We're seeing some odd behavior and bad results involving the number of prepared statements on a connection. This is a .net v3.5 application, using the ianywhere .net provider v. 11.0.1.23762. The results described below have been repro'd on win7 client and server, as well as win7 client, win2008 r2 server.

We set max_prepared_statements=0, launch our test app, we can monitor the prepared statement count from isql using connection_property('PrepStmt', number)

We see the count rise to the 900's (which is WAY too high) and stabilize. Eventually, after several hours of the test run, the engine crashes.

This looks like a classic failure to dispose of prepared statements. We thought so too, but have been unable to find bad code, despite extensive review and testing. AND, THIS:

We set max_prepared_statements=50, and run our test again. NOW, monitoring shows that the number of prepared statements don't rise above 40-something. We get no exceptions in the app, and the engine does not crash. If the app was really failing to dispose of statements, it should have seen an error when the limit was exceeded.

Obviously, this by itself is not really a problem for us. We just set the max to 50 and things run well. However, I'm posting this because a) it may indicate a defect in sqlanwhere that should be investigated. and b) we have some other issues that seem to suggest problems in the ianywhere provider, and those problems seem to involve the prepared statement management. I'll post that problem on a different thread, when I can.

asked 31 Aug '11, 15:33

Leo%20Tohill's gravatar image

Leo Tohill
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This issue was resolved in CR #687447 in builds 11.0.1.2695, 12.0.1.3477 and later.

In rare, timing dependent cases the server could have incorrect behaviour if a connection had at least 20 prepared statements and cached prepared statements or at least 20 cursors open. The incorrect behaviour could vary, and the only known symptom is incorrectly returning the error "Resource governor for 'prepared statements' exceeded", but it may also be possible for server crashes or assertions to occur.

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answered 17 Nov '11, 12:40

Jeff%20Albion's gravatar image

Jeff Albion
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accept rate: 24%

There has been an already-identified issue with the .NET provider 'leaking' prepared statements if an exception occurred while using SACommand.ExecuteReader(). See CR #625219 for more details regarding this issue (fixed in 11.0.1.2432).

Is it possible that you're seeing some evidence of this bug, perhaps? Can you try a later version of the .NET provider and see if you can get the same behaviour?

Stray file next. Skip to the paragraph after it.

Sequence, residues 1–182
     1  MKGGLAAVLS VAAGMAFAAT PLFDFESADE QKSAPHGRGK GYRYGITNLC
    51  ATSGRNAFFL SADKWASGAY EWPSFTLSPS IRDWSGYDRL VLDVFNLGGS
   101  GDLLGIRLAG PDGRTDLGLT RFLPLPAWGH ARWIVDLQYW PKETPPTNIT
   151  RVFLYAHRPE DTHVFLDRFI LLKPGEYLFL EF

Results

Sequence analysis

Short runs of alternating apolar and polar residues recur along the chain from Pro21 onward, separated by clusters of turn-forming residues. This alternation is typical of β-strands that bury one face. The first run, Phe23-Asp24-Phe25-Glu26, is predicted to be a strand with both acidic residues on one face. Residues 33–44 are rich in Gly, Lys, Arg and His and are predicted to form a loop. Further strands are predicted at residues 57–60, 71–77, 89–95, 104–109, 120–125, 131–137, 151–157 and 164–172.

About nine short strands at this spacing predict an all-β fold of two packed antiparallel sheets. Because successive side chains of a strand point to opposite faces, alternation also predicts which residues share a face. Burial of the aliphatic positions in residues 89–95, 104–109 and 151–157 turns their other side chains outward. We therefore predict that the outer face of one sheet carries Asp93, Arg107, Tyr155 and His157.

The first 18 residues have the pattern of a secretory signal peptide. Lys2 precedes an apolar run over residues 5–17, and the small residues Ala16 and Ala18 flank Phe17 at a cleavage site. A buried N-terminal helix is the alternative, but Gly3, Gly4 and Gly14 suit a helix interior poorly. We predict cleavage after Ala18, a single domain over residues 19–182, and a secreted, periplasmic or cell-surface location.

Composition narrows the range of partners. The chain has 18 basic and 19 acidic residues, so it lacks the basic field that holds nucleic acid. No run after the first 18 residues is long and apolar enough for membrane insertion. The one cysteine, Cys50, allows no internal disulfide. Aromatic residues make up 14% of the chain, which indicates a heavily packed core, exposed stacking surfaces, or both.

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answered 31 Aug '11, 16:42

Jeff%20Albion's gravatar image

Jeff Albion
10.7k171174
accept rate: 24%

We tested with the latest EBF which I assume would have that fix. No diff. And if that problem description is complete, it doesn't apply to our situation, as there were no exceptions until the crash at the end.

Thanks for the mention, though.

(31 Aug '11, 21:46) Leo Tohill

In that case, it sounds like we would need to take a closer look at your application reproducible. By your description, it doesn't actually sound like prepared statements are truly 'leaking' in your scenario, otherwise you would see:

"[-685] "Resource governor for 'prepared statements' exceeded."

for any non-zero value of max_statement_count.

As documented, the default value for max_statement_count is "50", and setting it to "0" would indicate that you're trying to use an "unlimited" number of prepared statements (i.e. you do not wish for the resource governor to manage prepared statements).

This is generally not a recommended setting (as mentioned in the documentation) due to the fact that the database server could potentially run out memory in such a condition.

Do you have a technical support plan to open a case with us, or can you possibly log a non-priority bug report with us, with the included reproducible details?

(01 Sep '11, 13:56) Jeff Albion

I have an open case on a related issue. I'll try to work this into that. thanks.

(01 Sep '11, 15:17) Leo Tohill
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question asked: 31 Aug '11, 15:33

question was seen: 3,014 times

last updated: 17 Nov '11, 12:40